Hybrid Author

I think I have a solution, however. Lately I have been reading about a new phenomenon, wherein an author is a little bit indie, a little bit corporate: The hybrid author. There is nothing stopping me from publishing RoboNomics by myself while sending off another manuscript -- that thing I call "Otherworldly" which is not time sensitive at all -- to literary agents, is there? Agents want new, fresh material that has not been published elsewhere. They want marketable authors who have show that they have readership. So much the better.

Of course, there is always the problem of editing. I am in the throes of my last manuscript edit of RoboNomics. But that could take an untold amount of time. Two months? Three? I have no idea. It is best if I get the thing out now.

Luckily, there is a solution to that problem as well: Wattpad. I heard about Wattpad ages ago, but I didn't give it much serious thought. It had to do with serialization, and seemed to be filled with teen series written by teens. But lately I have been looking at it again, since I do have a teen series up my sleeve. But it struck me the other day as the perfect solution: I can release RoboNomics chapter by chapter. I can build a readership, work out the kinks in the chapters as I go along, and at the same time save up money for editors and book cover designers, et cetera, in anticipation of binding the whole thing together as a self-published novel. But the real upshot is that this story about automation and its possible effects on the world can be in the public eye. Sure, it will be for free. But at some point the story takes on a life of its own. It becomes more important that it exist in the world than my making money off of it.

So what do you think? Self-publishing or traditional? Which is best? Should self-publishing be legitimized already or is it just a bunch of amateurs fooling around? And what do you think about my serialization scheme?

It's actually helped me a lot to think this out by writing it out. But I am asking because I do indeed need a little input. I keep going back and forth, doubting myself. What would you do in my situation?

Tuesday, December 3, 2013

Endings and Beginnings

As of November 30th, my writing course is at an end. As of November 30th, NaNoWriMo for 2013 is also at an end. So what's next?

I guess a lot of folks ask themselves this question at the end of November's writing marathon, if the blogosphere is to be relied on. In years past, when I finished up a draft of a novel on November 30th, I would already know the answer: I would put the draft away for the month of December, tending to pre-Christmas ridiculousness and then enjoying the holidays before coming back to it in January with fresh eyes and a willingness to edit and revise.

But this year, things are a little different. I am not giving myself a month off. Because besides drafting a novel, I spent the month of November in editing and revising a completely separate project. But I didn't finish it. So here's my next steps:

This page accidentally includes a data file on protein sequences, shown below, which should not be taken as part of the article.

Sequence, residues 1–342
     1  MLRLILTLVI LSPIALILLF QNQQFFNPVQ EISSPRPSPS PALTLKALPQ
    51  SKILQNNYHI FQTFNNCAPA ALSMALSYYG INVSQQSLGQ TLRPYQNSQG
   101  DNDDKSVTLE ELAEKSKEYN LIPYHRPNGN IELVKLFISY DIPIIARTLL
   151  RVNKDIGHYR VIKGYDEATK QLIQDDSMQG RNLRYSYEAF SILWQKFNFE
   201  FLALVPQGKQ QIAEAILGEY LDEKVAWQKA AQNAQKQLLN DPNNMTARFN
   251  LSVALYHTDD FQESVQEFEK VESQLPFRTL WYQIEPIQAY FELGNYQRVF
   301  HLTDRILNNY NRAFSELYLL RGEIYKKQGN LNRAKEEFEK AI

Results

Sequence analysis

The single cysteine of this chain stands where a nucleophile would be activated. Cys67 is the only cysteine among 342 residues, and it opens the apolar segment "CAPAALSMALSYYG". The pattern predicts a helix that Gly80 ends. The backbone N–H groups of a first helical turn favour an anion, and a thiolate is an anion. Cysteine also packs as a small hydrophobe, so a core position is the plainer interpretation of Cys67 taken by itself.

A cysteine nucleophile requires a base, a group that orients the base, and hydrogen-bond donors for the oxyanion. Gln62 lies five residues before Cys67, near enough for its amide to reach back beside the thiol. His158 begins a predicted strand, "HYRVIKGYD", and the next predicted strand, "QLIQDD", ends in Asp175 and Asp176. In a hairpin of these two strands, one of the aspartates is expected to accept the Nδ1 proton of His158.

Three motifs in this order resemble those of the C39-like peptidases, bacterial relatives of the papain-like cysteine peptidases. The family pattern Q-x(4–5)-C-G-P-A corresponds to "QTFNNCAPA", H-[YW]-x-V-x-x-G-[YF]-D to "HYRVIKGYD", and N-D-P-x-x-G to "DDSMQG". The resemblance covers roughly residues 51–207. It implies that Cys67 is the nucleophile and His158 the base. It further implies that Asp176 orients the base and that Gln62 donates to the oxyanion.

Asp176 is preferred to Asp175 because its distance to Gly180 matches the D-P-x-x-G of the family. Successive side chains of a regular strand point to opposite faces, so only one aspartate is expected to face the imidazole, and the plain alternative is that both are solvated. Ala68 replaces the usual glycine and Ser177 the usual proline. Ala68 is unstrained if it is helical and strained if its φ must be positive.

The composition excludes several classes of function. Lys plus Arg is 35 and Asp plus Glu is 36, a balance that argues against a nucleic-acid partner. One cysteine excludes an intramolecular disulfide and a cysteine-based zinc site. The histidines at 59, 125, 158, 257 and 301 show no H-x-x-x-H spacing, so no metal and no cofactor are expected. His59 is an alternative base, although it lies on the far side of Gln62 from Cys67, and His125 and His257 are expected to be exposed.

1. Making a study of setting and character description. I need to learn how to enrich a story with specific, concrete detail without sacrificing pace. As I've mentioned before, this seems to be my biggest current hurdle in writing. And while I am getting better at chiseling out specific details in terms of setting and character, I do not yet have the instinct for when it is not enough and when it is enough. I am trying to learn, right now, how to strike that precious balance. My earlier drafts have an exciting, quick pace that is becoming lost in my POV character looking around scenes and describing them at length. Yeesh.

2. Finding a Mentor. Now, at the end of the course, I am feeling a little lost. I'm not afraid to admit it. The massive benefit of the course was having an experienced, professional, published author off of whom to bounce ideas and get some great advice and sometimes tough love when it came to the work. But the time is up and now I am going to be without that voice of experience. When I think about the revision work that I did before I took this course, I can't help but think that I was floundering. Major big time.

So what to do to ensure that I continue in a progression towards better writing? Here I am a tad bit stumped. An unpublished author like me can't exactly just approach an established, popular author of my genre and ask for mentorship, can she? No matter how much promise I might have or how amazing my work ethic, writers always have their own work to think of. Plus, I'm positive some of the more prolific and popular writers of my genre get such amateurish requests daily. I imagine they have an email folder filled with such silly requests. And so...

3. Finding a Community. This is more like it. What I could do, online or in 'real' life, is to seek out a writing group that I trust. This is a difficult prospect in either sphere. Finding a group of strangers with whom to share a safe space in which constructive criticism is separated from bitterness, professional jealousy and rank amateurish writing is a daunting task. In 'real life' it is made a little more difficult by the fact that my love and I will be moving again before the snow melts and I currently have no idea where we'll end up next. (Did I mention my life is an ever-changing adventure?) So it seems that online is key. Like most things in my life, it has to be portable. It has to be in the cloud. "Life in the Cloud". That sounds like a great title for a memoir, doesn't it?

I suppose I'll have to take this advice to figure out where to start! No matter what I decide, I do think that other writers are required in order for the work to move forward in a productive manner.

4. Reading, reading, reading. I have tons of reading to do, as always. Not only of novels that are in my genre and those whose style I can learn from, but of instructables and how-to books on the craft. Reading is key to becoming a better writing and I intend to do a lot of it.

All right, now that I've come up with some next steps, I feel a little better. I don't feel like I'm panicking at the shear amount of work to be done and the various myriad ways in which it can get done. These endings mean, at least, that the work is progressing and that I am one step closer to a career!

photo credits: Raphael Pinto, Justyna Furmanczyk